2017 Prize Winner
Tony is the driving force behind the youth recovery center. He is an exemplary leader and has unbelievable clarity regarding their responsibility to provide a safe environment for young addicts to get clean and sober.
Eric Martin, policy and legislative liaison for the Addiction Counselor Certification Board of Oregon
Before youre up in the morning, Tony Vezina has already been to the gym.
Vezina is executive director of the 4th Dimension Recovery Center. His organization helps young people overcome drug and alcohol addiction through social communities and peer mentoring services.
4Ds spacea safe, sober place for young people to gather for support during recoveryhosts Xbox Live sessions, pingpong tournaments and monthly dances with DJs who are also in recovery.
When the space is not a dance hall, 12-step group meetings fill the calendar. Inclusive, equitable programming is Vezinas focus, and is something he learned as student body president at Portland Community College-Cascade. He completed his bachelors degree there in 2016 and received PCCs inaugural Equity and Inclusion Award.
For Vezina, 32, the road from an abusive childhood to tweaked-out junkie in Idaho to clean student body leader to nonprofit director has been nearly two decades long.
I decided that I wanted to give back, Vezina says. At PCC, I was taught that I have a voice through leadership development and mentoring, and that I could create change. I worked with the most diverse people on the planet and had to unpack a lot of stuff. I never thought I was privileged. I thought I had it so bad. I learned a lot.
Since then, Vezina has taken 4D from just a concept to a sustainable, functioning nonprofit with two and a half paid staffers and seven certified peer mentors.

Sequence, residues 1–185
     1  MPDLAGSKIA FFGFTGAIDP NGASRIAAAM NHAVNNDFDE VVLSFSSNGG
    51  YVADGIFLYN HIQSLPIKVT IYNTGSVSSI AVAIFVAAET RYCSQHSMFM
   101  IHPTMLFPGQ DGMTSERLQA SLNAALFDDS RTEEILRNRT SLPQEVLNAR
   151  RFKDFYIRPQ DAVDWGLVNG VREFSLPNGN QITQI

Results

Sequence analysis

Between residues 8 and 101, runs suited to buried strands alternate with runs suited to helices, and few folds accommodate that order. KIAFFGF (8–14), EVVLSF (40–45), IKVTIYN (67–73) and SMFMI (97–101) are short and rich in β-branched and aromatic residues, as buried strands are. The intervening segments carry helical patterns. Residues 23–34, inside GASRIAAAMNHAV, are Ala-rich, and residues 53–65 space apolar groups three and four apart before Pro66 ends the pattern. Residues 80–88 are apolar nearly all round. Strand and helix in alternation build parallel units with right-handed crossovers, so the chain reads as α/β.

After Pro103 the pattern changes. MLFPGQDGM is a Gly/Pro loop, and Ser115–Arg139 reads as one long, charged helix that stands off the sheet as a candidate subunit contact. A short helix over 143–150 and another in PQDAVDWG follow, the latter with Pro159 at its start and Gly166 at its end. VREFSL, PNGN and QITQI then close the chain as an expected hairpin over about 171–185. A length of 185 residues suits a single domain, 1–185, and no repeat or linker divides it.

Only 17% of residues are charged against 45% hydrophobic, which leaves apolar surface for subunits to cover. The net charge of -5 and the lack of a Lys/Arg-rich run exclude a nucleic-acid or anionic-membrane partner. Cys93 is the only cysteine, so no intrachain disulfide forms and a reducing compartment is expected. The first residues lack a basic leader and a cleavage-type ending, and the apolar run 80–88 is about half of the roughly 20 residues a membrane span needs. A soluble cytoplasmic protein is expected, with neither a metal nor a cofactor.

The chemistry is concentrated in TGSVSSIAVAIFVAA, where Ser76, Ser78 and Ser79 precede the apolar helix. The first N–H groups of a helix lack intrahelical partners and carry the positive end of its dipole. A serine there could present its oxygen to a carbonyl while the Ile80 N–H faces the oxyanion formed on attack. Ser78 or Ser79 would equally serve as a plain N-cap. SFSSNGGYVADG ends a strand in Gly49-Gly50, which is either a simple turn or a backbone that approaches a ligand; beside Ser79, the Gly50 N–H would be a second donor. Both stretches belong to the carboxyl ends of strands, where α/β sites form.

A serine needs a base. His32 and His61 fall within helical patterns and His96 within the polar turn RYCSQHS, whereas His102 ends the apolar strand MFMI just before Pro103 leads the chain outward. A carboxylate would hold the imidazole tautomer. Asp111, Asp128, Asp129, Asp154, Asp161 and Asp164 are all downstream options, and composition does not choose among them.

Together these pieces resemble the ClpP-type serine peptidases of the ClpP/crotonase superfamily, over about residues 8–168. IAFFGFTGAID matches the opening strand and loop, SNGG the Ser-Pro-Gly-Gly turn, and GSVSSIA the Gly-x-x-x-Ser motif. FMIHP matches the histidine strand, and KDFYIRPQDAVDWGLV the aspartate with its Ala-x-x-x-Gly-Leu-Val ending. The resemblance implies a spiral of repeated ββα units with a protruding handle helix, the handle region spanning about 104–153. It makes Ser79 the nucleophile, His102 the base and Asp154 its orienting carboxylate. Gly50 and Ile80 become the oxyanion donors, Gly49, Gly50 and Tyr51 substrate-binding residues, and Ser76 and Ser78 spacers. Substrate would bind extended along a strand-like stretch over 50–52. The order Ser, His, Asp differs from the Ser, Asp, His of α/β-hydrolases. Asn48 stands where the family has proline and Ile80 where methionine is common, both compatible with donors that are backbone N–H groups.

As with most small, new nonprofits, the executive director has broad responsibilities. Besides serving as the public face of the organization, development director, bookkeeper and web master, he is also the driver of the legendary 4D 16-passenger van.
I just decked it out with bumps and lights in it, and its dope, he says, adding that the van is used to pick up clients and transport volunteers to events. Its got the limousine tint in it. Were getting a bigger speaker so it bumps louder.
Bumping louder seems a theme for Vezina, whose bright blue eyes and fast-paced speech pulse with energy, despite his lean-back-in-the-chair body language. His expansion plans for 4D include programming focused on black youth. He also serves on the board of directors for Oregon Recovers, which will lobby for funding and recovery justice at the state level. He dreams of a bigger building with a yoga space and recovery gym.
For now, Vezina is a beacon for those he serves, a positive reminder that long-term sobriety is possible. In the face of a national opioid emergency, hes all too aware of the danger addiction presents.
[This work] is young people helping other young people stay alive through recovery, he says. I would say were saving lives every day.
Bottom Line for Portland
Vezina oversees the operation of 4D Recover Center, helping 600 young people each month get and stay in recovery by providing a safe space, peer mentors and sober programming.
This prize is generously sponsored by Davis Wright Tremaine.